“Other schools have policies where it covers both the person in the emergency and the continued from page 1 person who’s seeking help,” he said. “The stats on those s c h o o l s a r e n ’t v e r y w e l l Housing. “The reality of the situation proven though.” We b e r s a i d t h e p o l i c y i s is that there are people out who have disciplinary records important because it allows because they have made the for students to focus on the c h o i c e t o h e l p p e o p l e , ” h e emergency of the situation rather than worry about said. The resolution will accom- external factors. “This policy says we pany a set of recommendat i o n s s t u d e n t g o v e r n m e n t acknowledge we should care makes to the Office of Student a b o u t o t h e r p e o p l e b e f o r e Affairs, who is currently con- ourselves, and that we will care,” she said. sidering revisions of du Lac. Weber cited a student body Student body vice president Cynthia Weber said while the survey last year where 85.6 issue is complex, few people percent of students answered disagree with the philosophy “yes” or “sometimes” when asked, “Before behind the calling NDSP policy. “This policy says we or residence “The ideal acknowledge we should h a l l s t a f f t o policy is to treat make a provicare about other people h e l p someone, do sion for the before ourselves, and you consider person who that we will care.” any disciplineeds the nary consehelp,” she q u e n c e s that said. “[The Cynthia Weber might incur as student] isn’t only thinking student body vice president a result of the call?” about herself, Senators also debated but whether or not the person who needs help is going to get whether or not they should formally include adding an in trouble.” The medical amnesty policy, educational component to the as requested in the resolution, bill. This was also ultimately would not extend to the stu- decided against. Schmidt said the policy dent who was in need of assistance while breaking school would ideally be implemented rules. Senators debated full in time for the start of the coverage, but ultimately 2010-11 academic school year. decided against it. “ We w i l l s e n d t h i s t o F r. “The reason why we didn’t ask for that outright is that P o o r m a n i n t h e O f f i c e o f w e ’ r e w o r r i e d t h e p o l i c y Student Affairs and Jeff Shoup w o u l d b e a b u s e d , ” We b e r at the Office of Residence Life said. “If the policy is gradually and Housing,” he said. “We’d implemented it lessens the like to see this policy put into possibility for that to happen.” du Lac and ready to go by the S e n a t o r N i c k R u o f , w h o time the freshman get their worked on the resolution, said books next fall.” student government approached the topic by tak- Contact Liz O’Donnell at ing baby steps.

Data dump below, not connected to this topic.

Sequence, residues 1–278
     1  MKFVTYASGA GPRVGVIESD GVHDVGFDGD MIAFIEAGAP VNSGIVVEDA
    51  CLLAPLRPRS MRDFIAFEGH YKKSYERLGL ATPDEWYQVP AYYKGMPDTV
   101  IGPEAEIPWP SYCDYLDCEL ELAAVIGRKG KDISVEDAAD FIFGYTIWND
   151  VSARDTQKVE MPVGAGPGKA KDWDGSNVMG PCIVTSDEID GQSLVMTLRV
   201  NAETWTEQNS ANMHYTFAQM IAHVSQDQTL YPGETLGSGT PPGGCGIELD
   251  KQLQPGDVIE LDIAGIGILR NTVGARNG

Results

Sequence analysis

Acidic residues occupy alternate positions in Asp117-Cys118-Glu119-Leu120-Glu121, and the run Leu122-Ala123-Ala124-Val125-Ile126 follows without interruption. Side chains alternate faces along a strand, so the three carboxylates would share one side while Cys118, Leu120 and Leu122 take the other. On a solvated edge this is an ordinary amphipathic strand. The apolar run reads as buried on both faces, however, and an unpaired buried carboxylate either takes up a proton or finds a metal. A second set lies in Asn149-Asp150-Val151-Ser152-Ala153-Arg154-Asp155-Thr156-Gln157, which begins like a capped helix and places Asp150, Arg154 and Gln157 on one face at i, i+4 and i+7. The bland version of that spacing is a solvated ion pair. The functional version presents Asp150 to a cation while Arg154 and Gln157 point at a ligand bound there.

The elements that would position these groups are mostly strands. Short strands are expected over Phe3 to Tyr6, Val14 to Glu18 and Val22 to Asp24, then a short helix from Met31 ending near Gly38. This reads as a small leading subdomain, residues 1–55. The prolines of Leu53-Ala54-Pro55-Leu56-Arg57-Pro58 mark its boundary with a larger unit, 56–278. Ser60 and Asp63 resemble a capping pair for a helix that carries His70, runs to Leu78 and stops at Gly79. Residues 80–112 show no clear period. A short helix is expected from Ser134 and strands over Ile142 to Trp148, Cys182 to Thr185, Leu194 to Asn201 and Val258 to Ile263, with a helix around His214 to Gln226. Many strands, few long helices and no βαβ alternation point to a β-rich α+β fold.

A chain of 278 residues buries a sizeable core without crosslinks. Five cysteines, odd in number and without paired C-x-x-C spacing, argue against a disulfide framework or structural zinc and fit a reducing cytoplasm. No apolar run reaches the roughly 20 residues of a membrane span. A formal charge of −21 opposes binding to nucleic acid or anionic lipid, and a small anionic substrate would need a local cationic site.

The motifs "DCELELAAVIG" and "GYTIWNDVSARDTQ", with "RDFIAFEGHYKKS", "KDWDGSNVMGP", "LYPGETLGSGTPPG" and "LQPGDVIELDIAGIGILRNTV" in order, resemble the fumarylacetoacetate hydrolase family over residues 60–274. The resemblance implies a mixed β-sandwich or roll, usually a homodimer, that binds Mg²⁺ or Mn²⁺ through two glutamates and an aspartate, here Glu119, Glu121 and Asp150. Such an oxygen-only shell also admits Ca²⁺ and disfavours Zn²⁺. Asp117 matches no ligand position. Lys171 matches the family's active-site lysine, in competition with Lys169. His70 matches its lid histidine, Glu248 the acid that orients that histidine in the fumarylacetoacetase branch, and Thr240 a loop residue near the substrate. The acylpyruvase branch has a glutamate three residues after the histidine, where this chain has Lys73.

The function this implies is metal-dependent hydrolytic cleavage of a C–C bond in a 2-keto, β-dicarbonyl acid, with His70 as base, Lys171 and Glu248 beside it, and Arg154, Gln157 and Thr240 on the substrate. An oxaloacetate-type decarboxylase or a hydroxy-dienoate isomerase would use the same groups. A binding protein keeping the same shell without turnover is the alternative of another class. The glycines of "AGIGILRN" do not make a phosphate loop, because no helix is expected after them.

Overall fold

Staff continued from page 1 F a r l e y H a l l f r o m S u r r e y, England. Mervosh, a resident of Badin Hall, will serve as News e d i t o r. W h e n M c C r y s t a l returns from abroad in the fall, the two will serve as coNews editors. A native of Pittsburgh, Pa., Mervosh has written for The Observer since her freshman year and has covered a variety of stories including the cancellation of the Innsbruck study abroad program, a protest against the U n i v e r s i t y ’s i n v i t a t i o n t o President Barack Obama last spring and student government. She is a Psychology and Arabic double major with a minor in Journalism, Ethics and Democracy. McCrystal is an American Studies and French major with a minor in Journalism, Ethics and Democracy. She is from Chagrin Falls, Ohio, and lives in Pasquerilla East Hall. McCrystal has covered student government, former presidential candidate Mike Huckabee’s book signing on campus, and she examined N o t r e D a m e ’s A p p a l a c h i a seminar in an in-depth piece. Farmer will serve as the Sports editor. A resident of Alumni Hall, Farmer has worked for the department since his freshman year and covered Bengal Bouts, track and field, women’s tennis and this year’s women’s soccer

College Cup. A sophomore, Farmer is a Program of Liberal Studies major and is pursuing a minor in Journalism, Ethics and Democracy. He is originally from La Crosse, Wisc. Gamble will join the Editorial Board as the Scene e d i t o r. G a m b l e , c u r r e n t l y residing in McGlinn Hall, interviewed Knute Rockne’s grandson for a story about the 1930s film “The Spirit of Notre Dame” for the section. She is from Lafayette, Ind., and is majoring in American Studies with minors in Journalism, Ethics and Democracy and Catholic Social Tradition. Jacobs is spending the semester participating in Notre D a m e ’s London Program, but will assume the role of photo editor in the fall. An Industrial Design major from O’Neill Hall, Jacobs has covered a variety of campus events, including events duri n g B a r a c k O b a m a ’s 2 0 0 9 Commencement address in the spring. He is from Granger, Ind. Chemidlin will serve as G r a p h i c s e d i t o r. S h e h a s worked for the department since her freshman year and is a resident of Welsh Family Hall. Chemidlin is an English and sociology major from Watchung, N.J. The other editors previously selected for the Editorial Board include Managing Editor Madeline Buckley, and Assistant Managing Editors Laura Myers and Sam Werner, in addition to Gamber.

Friday, February 19, 2010